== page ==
In 2019, 85% of healthcare provider groups used locum tenens physicians. With increased patient demand and the American healthcare system being short, almost 122,000 physicians by 2032, the need for locum tenens physicians is in high demand. This working arrangement offers many benefits, such as increased flexibility and more career options.
Setting your own schedule and deciding when, where, and how much you work are the major advantages of working locum tenens.
As a locum tenens physician, you'll have unique financial responsibilities that a provider working for a hospital or medical group wouldn't necessarily have to consider. With the proper planning in place, you can set up your financial future while enjoying the independence and freedom that comes with working locum tenens. Let's take a closer look at some best practices for financial planning as a locum tenens.
Compensation is Key
The advantage of our current medical climate is the strong demand for healthcare providers. That means there's plenty of work available, making it a good market for talented providers.
A reputable staffing agency, like VISTA, will help you find a position that will pay you appropriately and be a good fit for your skillset. When working with a recruiter, they will find the perfect location and negotiate the terms of a rate that you're comfortable with. This is why it's vital to pick an effective and reputable staffing agency.
When negotiating your pay, understand that there will be additional costs after you receive payment for which you'll be responsible. These include:
Federal and state taxes
Retirement contributions to an account such as a 401(k) or IRA
Medical, dental, vision, disability, and/or life insurance
In some cases malpractice insurance
As a locum tenen physician, you'll need to budget for these items and track your income and expenses for tax purposes. This includes any expenses associated with your job to ensure you pay the right amount of income and quarterly taxes to the federal government.
There are many online tools available for self-employed providers to stay on top of their finances, and working closely with a CPA can help to ensure that you’ve got all your bases covered.
Plan for Retirement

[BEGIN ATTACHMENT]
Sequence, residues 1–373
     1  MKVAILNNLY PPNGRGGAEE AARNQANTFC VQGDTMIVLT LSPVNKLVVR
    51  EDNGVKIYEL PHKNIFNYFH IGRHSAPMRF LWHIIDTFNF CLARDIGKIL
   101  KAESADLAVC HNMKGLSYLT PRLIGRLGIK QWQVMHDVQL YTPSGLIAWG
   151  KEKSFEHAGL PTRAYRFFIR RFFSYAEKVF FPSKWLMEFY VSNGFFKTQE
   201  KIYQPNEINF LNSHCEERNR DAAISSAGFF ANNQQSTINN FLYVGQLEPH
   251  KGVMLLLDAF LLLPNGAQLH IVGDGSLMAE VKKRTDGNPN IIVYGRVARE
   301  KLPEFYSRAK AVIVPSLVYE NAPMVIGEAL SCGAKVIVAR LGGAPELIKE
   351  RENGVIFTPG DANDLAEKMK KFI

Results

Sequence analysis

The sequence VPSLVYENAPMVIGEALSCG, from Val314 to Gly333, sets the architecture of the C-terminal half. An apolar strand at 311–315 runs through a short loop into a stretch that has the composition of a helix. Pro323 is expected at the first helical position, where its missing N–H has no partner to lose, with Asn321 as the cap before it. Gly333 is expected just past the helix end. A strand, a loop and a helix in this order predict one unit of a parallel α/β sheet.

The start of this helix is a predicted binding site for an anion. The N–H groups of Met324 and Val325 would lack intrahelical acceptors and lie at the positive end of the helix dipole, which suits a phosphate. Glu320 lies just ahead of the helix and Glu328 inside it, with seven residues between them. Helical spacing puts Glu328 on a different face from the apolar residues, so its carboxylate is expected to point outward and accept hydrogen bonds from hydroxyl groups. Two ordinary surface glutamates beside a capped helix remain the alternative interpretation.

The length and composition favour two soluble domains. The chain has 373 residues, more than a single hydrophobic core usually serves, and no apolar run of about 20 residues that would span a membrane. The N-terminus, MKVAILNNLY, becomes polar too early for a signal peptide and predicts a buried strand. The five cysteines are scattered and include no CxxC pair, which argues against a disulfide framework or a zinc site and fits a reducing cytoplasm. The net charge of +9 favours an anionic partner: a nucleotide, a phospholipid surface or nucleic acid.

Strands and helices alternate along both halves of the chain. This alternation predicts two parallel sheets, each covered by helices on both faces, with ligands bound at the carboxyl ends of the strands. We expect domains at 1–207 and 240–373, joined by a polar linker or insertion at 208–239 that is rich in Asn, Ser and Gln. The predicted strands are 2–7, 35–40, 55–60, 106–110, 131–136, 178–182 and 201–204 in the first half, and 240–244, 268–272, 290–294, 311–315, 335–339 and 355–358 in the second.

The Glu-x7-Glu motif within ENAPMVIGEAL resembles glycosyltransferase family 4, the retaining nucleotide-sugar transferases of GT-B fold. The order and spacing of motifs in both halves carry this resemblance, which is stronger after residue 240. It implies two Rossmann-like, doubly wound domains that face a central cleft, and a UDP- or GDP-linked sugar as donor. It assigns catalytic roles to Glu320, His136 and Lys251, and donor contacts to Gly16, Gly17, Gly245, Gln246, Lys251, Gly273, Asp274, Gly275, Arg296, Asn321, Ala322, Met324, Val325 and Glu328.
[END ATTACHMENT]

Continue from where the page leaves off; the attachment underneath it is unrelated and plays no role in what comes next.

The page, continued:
Working as a locum tenen clinician means changing your mindset from that of being an employee to being more entrepreneurial. Assembling a team around you that supports and sets you up for success is vital. Working with a retirement planner or a CPA will help you navigate complex tax laws while also making financially sound investments. There are multiple types of retirement accounts you can contribute to in order to meet financial goals, such as:
Solo 401(k). Also known as a one-participant 401(k) plan, a solo 401(k) is set up like other 401(k) plans, but is only for an individual. The IRS allows contributions of up to $57,000 in 2020. If you are 50 or older, you can also make catch-up contributions of up to $6,500.
IRA. An individual retirement account is only available to those with earned income. The contribution limit for an IRA is $6,000 in 2020, or $7,000 if you are 50 or older. Like a 401(k), you’ll receive a tax deduction for the money you put into an IRA. When you withdraw funds, they will be considered taxable income. You’ll need to start taking distributions from the account after you turn 70 1/2.
Roth IRA. Singles who are making less than $122,000 and couples who are making less than $193,000 may contribute up to $6,000 ($7,000 if you’re over 50) each year. Unlike an IRA, you only pay taxes on the money when you deposit it rather than withdraw it in retirement.
Simple IRA. The amount an individual contributes from their salary to a Simple IRA cannot exceed $13,500 in 2020. Suppose you participate in any other plan during the year and have elective salary reductions under those plans. In that case, the total amount of the salary reduction contributions that you can make to all the plans is limited to $19,500 in 2020.
Having a financial team in place will help you understand the right plan to choose for your retirement goals so that you can live comfortably.
Prepare for Emergencies
Another aspect of working locum tenens you'll have to consider is the impact of an emergency on your finances. Working locum tenens will be advantageous and will allow for continuous personal growth and the financial independence needed to prepare for emergencies. Work with your financial advisor to set aside an emergency fund. The amount you have in your fund will vary, but as a rule of thumb, calculate 3-6 months' expenses and make sure that's in the fund at all times. Financial guru Rachel Cruze has an in-depth blog post on how to build your emergency fund.
Enjoying the Freedom of Locum Tenens Work While Safeguarding Against the Risks
Working as a locum tenens physician is genuinely a rewarding way to maintain your independent lifestyle while still being well-compensated for your skills. With a little foresight and planning with a CPA professional, you can ensure you are setting yourself up for financial success well into the future.
Interested in pursuing a career as a locum tenens provider? Let VISTA help you on your journey. We've got a proven track record of partnering with healthcare providers and finding them locum tenens positions that are lucrative and fulfilling. For more on how to embrace the freedom of a career as a locum tenens, contact us today.